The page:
Please do not attempt to use Jekyll’s logger in your plugins; instead, use the jekyll_plugin_logger, described below, which is packaged as a Ruby gem for convenience.

To set Jekyll.logger.log_level for the entire webapp, specify the --verbose / -V or --quiet / -q options when starting Jekyll:

Shell
$ bundle exec jekyll build --verbose  # Sets log_level to :debug

$ bundle exec jekyll build --quiet  # Sets log_level to :error

$ JEKYLL_ENV=development bundle exec jekyll serve --verbose

$ JEKYLL_ENV=development bundle exec jekyll serve --quiet

You can also reset the Jekyll log level from within a Jekyll plugin like this:

Shell
Jekyll.logger.adjust_verbosity(:verbose => true)

I found that _config.yml has no effect on Jekyll.logger.log_level; the following entry does nothing:

Shell
quiet: true

Jekyll_plugin_logger To the Rescue!

Jekyll_plugin_logger provides 2 classes:

  1. PluginMetaLoggerPluginLogger factory and top-level logger.
  2. PluginLogger – Logger dedicated to a specific Jekyll plugin.

PluginMetaLogger is designed to provide each Jekyll plugin with its own PluginLogger instance. This allows each plugin’s log level to be individually controlled. The log levels look like the following on a terminal:

The current version does not allow the colors for each log level to be customized on the terminal. Please create an issue if that feature would be useful to you.

Log messages can also be displayed on a web page. Colors are defined in demo/assets/css/jekyll_plugin_logger.css, and you can, of course, implement any stylesheet you desire in your webapp. The HTML output shown below indicates the numeric log level (0..5) and the corresponding log level name (debug .. unknown).

  1. debug level output is colored magenta.
  2. info level output is colored cyan.
  3. warn level output is colored yellow.
  4. error level output is colored red.
  5. fatal level output is colored bold red on the terminal; however, the HTML stylesheet provided jekyll_plugin_logger uses white on red.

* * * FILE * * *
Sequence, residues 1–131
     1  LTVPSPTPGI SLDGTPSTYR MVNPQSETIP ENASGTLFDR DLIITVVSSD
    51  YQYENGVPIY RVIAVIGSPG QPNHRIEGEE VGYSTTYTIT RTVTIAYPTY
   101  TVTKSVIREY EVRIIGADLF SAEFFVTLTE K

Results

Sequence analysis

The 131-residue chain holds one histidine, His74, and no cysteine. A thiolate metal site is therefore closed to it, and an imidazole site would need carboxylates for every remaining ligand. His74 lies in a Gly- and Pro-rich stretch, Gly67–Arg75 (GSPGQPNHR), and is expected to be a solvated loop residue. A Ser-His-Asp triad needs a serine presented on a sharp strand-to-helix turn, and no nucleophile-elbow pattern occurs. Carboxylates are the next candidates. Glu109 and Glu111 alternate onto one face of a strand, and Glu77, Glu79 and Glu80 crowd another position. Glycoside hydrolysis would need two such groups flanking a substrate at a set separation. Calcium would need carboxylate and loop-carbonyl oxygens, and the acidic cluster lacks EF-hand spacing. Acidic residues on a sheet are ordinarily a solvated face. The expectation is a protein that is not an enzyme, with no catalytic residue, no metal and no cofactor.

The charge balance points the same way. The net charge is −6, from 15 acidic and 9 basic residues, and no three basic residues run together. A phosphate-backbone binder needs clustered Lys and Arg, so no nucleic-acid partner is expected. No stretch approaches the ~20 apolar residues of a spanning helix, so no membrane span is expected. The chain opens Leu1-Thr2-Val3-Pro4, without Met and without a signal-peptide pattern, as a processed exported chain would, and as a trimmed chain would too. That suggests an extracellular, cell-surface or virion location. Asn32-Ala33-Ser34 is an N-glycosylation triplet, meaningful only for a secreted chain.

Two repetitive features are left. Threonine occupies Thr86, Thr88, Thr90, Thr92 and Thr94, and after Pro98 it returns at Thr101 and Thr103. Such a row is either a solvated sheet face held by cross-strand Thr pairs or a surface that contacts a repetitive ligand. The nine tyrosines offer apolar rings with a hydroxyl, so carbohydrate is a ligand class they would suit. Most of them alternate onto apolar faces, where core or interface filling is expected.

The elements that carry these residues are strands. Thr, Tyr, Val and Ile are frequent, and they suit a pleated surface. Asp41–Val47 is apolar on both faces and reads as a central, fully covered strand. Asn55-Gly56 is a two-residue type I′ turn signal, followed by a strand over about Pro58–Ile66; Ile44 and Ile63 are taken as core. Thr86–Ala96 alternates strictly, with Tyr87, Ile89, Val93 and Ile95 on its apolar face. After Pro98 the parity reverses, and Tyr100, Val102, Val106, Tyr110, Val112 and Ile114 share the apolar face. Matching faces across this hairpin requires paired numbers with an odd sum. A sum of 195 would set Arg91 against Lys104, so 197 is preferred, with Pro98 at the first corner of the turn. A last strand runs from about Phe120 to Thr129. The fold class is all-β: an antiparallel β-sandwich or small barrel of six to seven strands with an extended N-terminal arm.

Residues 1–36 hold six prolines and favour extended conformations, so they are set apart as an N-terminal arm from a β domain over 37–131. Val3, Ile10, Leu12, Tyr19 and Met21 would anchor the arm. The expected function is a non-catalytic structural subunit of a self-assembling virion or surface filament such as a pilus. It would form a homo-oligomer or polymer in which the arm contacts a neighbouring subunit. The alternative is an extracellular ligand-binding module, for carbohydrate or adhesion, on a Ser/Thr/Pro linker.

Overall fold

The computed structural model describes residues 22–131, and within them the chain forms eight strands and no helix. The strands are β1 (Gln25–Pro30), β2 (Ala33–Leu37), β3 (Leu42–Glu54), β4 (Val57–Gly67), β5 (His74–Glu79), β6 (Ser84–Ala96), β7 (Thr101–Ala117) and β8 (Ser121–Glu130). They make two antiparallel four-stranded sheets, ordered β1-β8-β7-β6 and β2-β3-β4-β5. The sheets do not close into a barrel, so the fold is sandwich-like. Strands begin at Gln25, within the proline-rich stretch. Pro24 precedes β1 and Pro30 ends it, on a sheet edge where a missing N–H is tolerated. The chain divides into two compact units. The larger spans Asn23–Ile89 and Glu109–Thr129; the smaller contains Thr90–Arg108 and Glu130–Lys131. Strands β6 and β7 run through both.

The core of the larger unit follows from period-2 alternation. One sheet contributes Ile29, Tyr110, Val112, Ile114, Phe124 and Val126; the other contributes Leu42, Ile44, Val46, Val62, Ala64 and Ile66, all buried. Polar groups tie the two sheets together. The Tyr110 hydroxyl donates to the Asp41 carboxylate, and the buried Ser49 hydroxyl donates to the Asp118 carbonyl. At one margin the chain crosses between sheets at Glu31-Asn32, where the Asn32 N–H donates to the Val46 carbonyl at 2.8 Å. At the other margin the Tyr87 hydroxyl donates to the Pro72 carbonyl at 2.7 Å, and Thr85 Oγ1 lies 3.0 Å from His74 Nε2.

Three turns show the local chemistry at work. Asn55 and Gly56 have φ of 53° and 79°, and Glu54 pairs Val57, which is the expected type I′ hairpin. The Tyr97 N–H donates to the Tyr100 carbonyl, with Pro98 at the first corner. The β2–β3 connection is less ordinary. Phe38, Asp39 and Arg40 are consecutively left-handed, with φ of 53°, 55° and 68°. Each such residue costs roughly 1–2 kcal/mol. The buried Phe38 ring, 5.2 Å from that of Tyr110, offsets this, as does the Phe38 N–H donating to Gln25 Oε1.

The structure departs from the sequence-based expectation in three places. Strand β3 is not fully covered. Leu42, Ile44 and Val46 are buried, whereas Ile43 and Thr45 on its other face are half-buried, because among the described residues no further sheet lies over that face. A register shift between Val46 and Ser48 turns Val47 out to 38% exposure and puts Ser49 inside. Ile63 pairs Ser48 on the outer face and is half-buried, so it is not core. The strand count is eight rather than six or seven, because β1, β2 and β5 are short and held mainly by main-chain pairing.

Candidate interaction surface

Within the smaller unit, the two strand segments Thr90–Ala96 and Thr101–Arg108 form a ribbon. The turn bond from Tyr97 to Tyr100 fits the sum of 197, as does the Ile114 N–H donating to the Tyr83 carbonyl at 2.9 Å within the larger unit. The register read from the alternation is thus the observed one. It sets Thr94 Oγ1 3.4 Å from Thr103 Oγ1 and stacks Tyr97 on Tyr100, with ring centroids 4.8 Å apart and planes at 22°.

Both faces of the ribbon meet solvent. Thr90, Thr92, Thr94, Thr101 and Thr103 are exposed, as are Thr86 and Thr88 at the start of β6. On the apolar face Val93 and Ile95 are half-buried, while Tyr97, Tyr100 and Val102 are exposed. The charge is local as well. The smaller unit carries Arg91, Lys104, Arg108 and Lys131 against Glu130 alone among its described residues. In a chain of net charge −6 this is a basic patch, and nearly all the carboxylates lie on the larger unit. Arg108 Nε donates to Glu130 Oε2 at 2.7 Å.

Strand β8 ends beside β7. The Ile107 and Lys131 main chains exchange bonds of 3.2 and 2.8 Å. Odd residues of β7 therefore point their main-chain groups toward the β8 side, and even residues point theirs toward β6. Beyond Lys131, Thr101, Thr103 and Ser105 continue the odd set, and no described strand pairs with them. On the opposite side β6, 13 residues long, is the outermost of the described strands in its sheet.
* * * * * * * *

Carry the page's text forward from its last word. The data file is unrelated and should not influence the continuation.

6. unknown (ANY) level output is colored green; however, the HTML stylesheet provided jekyll_plugin_logger uses green on light yellow.

Installation

See the jekyll_plugin_logger documention.

Background

When jekyll_plugin_logger starts up, it inspects _config.yml for a section labeled plugin_loggers. When a Jekyll plugin asks Jekyll_plugin_logger to create a logger, jekyll_plugin_logger searches the section for a key named after the plugin’s fully qualified class name.

For example, if the Jekyll plugin’s fully qualified class is called MyPlugin1, then an entry called plugin_loggers.MyPlugin1 would be read from the site configuration, if present. If no such entry is found, then the log_level for that logger is set to info. Here are a few example entries:

If the Jekyll plugin is part of a Ruby module, the fully qualified name of the plugin class begins with the module name, followed by two colons.

Shell
plugin_loggers:
  PluginMetaLogger: info
  MyPlugin1: warn
  Module2::MyPlugin2: error
  Module3::MyPlugin3: debug

As you can see above, the log level for each Jekyll plugin is written after the fully qualified class name of the Jekyll plugin entry point.

This type of configuration only works for jekyll_plugin_logger, not for the default Jekyll logger.

Implementation Details for Geeks

When the plugin is loaded, jekyll_plugin_logger invokes a Jekyll site hook that instantiates the PluginMetaLogger singleton. PluginMetaLogger constructs a PluginLogger info-level instance for each entry, with the log level as specified in _config.yml. PluginMetaLogger.instance.config holds the site.config section that was read from _config.yml.